Quantcast
CONTINUE READING

Hypothyroid And Its Treatment [Eastern Medicine]

Share this with a friend

Your Name
Recipient Email
Subject
Message

by
4 Min Read

According to the American Thyroid Association (ATA), 12–18% of the American population is hypothyroid, with women being 5–8 times more likely to be hypothyroid than men. The prevalence of hypothyroidism is probably much higher than the percentage quoted above because many people with thyroid disease – up to 60% – don’t know they have the disorder.

And beyond that statistic, there are a great number of people with underactive thyroids that are often undiagnosed, because their thyroid stimulating hormone (TSH) and thyroxine (T4) fell within a “normal” range. The problem with this scenario is that you can have a “normal” TSH and T4 and still be hypothyroid, because of underconversion of T4 to T3 in the periphery, which primarily refers to the liver.

Unfortunately, doctors rarely screen for this peripheral activity, which would include such analyses as: free T4, free T3, and reverse T3. This is why it’s a good idea to see an integrative practitioner who is aware of these other causes of hypothyroid and is devoted to going to the root of the problem, instead of suppressing symptoms with drugs. At Healing Lotus Acupuncture we take an integrative approach by combining both Eastern Medicine and Functional Medicine, in order to restore the quality of life that the patient lost as their illness manifested over time.

Hypothyroidism in Eastern Medicine

In Eastern medicine, hypothyroidism is a condition of deficiency caused by overwork, unmanaged stress, emotional disturbances, unhealthy diet, external factors in the environment, or congenital deficiencies.

Any one of these or a combination thereof can cause an imbalance between the Yin and Yang energies of the body, and disrupt the mutual relationships between organ systems, which keep each other in check.

In general, Yang is active and Yin is nourishing. In the case of hypothyroidism, the Yin & Yang imbalances we’re talking about are between metabolic activity (Yang) and the synthesis of vitamins & minerals, nutrients / hormones (Yin); as well as, the decline in cellular energy production (end-product being adenosine diphosphate (ADP) and adenosine triphosphate (ATP) / Qi; or in this case, Spleen Qi, Kidney Qi, and Heart Qi). When these mechanisms become imbalanced or dysfunctional, two main presentations of hypothyroidism arise.

The first involves a deficiency of Spleen & Kidney Yang. Symptoms belonging to this pattern include: Swollen tongue with teeth marks, pale complexion, early morning diarrhea with undigested food, fatigue, poor memory, low libido, weakness of the low back and knees, epigastric distention, cold hands & feet, lower leg edema, etc.

The next pattern involves Heart and Kidney Yang deficiency. These symptoms are: Heart palpitations, chest pain, shortness of breath, sleepiness, low back pain with cold sensations, cold extremities, lower leg edema, pale and profuse urination, especially at night, etc.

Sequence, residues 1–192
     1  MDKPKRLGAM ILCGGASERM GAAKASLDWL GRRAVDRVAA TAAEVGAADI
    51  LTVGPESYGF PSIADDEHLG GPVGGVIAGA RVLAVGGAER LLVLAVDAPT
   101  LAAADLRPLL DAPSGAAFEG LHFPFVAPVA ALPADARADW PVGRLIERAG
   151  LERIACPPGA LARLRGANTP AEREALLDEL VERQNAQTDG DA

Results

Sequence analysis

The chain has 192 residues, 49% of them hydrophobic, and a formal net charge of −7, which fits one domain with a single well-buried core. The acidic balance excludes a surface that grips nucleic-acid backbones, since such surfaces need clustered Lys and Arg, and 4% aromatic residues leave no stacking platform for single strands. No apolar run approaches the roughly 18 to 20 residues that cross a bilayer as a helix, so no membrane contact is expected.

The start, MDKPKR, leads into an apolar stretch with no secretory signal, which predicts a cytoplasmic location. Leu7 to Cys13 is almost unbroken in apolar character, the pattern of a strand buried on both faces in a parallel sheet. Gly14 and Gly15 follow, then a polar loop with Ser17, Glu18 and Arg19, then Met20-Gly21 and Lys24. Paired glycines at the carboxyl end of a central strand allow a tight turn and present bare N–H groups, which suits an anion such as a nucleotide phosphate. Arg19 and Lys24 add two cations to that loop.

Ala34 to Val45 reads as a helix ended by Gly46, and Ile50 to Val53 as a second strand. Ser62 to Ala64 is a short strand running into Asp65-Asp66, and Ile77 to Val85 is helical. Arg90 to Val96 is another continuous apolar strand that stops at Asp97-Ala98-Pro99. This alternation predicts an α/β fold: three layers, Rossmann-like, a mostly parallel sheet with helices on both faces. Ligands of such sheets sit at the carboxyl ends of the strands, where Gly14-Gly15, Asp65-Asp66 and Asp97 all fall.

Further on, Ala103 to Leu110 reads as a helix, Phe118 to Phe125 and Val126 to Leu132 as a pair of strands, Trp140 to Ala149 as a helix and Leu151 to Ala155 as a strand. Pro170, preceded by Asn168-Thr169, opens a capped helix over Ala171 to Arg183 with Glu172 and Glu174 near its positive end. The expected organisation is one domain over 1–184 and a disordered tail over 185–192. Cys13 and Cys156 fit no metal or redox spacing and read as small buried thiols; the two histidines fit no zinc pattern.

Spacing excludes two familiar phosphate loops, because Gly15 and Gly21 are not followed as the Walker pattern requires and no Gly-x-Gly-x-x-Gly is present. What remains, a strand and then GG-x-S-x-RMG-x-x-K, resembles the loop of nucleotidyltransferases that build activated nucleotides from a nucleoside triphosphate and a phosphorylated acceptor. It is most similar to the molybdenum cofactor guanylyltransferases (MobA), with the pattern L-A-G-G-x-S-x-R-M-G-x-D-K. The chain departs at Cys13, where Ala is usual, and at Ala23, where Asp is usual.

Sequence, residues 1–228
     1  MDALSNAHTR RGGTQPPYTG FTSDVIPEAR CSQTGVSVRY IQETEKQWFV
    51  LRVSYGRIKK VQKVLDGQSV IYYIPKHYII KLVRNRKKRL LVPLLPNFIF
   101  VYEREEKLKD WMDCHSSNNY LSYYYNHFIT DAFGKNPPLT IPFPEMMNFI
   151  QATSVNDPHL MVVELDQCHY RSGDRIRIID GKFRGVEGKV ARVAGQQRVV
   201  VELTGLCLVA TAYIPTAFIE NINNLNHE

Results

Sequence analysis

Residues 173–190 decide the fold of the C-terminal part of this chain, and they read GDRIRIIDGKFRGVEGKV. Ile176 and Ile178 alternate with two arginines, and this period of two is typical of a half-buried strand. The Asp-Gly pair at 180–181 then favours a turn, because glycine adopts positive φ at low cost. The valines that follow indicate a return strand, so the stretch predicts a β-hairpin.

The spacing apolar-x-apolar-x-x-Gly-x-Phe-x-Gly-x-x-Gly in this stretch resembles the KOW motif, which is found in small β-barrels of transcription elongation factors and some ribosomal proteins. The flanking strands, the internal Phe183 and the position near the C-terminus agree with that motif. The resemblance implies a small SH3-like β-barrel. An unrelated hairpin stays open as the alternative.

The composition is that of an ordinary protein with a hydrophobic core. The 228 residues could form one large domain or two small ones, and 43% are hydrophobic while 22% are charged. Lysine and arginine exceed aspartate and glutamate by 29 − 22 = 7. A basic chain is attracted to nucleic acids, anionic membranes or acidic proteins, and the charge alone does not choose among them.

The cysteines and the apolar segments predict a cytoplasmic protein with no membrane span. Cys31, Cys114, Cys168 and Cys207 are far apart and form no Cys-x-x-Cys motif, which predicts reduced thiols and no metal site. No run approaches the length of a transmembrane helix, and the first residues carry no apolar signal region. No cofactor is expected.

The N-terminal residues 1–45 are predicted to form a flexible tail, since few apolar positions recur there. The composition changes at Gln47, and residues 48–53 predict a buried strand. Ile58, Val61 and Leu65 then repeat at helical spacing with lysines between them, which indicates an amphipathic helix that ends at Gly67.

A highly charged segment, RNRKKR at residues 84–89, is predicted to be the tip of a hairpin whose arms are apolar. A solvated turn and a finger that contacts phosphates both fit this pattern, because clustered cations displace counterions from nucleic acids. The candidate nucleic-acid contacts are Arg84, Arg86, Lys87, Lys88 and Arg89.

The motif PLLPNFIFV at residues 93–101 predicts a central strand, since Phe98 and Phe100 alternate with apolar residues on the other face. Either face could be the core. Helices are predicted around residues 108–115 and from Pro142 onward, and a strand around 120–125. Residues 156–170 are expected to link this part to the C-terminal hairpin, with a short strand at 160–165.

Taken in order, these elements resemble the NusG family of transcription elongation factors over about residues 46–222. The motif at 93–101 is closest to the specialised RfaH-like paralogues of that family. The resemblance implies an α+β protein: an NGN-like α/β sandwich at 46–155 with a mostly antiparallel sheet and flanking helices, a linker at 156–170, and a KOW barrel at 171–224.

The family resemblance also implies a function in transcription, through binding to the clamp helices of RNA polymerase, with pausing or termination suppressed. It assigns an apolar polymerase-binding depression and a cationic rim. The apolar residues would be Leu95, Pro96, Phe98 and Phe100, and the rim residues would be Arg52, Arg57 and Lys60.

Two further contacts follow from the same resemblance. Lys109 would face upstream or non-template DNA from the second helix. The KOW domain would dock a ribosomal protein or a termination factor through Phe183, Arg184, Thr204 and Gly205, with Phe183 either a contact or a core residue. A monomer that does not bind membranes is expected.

As usual, there are always underlying conditions that also contribute to the pathology. These usually involve Liver Qi stagnation and blood stasis, Spleen / Kidney / Heart Qi deficiency, accumulation of dampness (inflammation, especially in the adipose tissue), and sometimes phlegm.

Treatment

The treatment protocol does not focus on the gland itself, but instead is directed towards the body’s system as a whole and the specific organ systems that are dysfunctional. In this case, we focus the treatment on improving the function of the Liver, Kidneys, and Spleen. By combining herbal formulas and acupuncture we are able to supplement Qi and Yang energy, nourish the Yin, regulate Qi & blood circulation, and restore balance to the neuroendocrine system, and improve hormone synthesis.

Nutritional modifications also play an important role in treatment, which addresses the nutritional deficiencies of the patient, which may pertain to such vitamins, minerals and amino acids such as Vitamin D, Selenium, tyrosine, etc. Lifestyle modifications always play a role in improving and maintaining health, so we make recommendations to the patient to include some form of activity in their daily lives, for example: yoga, exercise, Qi Gong, Tai Chi, meditation, walking, etc.

Eastern medicine is a natural, safe, cost-effective, and non-invasive form of medicine to return your body and mind back to a state of holistic well-being.

 

 

Scott Stewart
Expert

Scott is a licensed & board certified (NCCAOM) acupuncture specialist who believes in treating the whole person (body, mind, and spirit). He achieves this through an integrative approach that combines Eastern & Functional medicine, both of which focus on exposing the root of disease. His ultimate goal for patients is to have the ability to make healthier choices, in order to support their improved quality of life.

Scott Stewart
Expert

Scott is a licensed & board certified (NCCAOM) acupuncture specialist who believes in treating the whole person (body, mind, and spirit). He achieves this through an integrative approach that combines Eastern & Functional medicine, both of which focus on exposing the root of disease. His ultimate goal for patients is to have the ability to make healthier choices, in order to support their improved quality of life.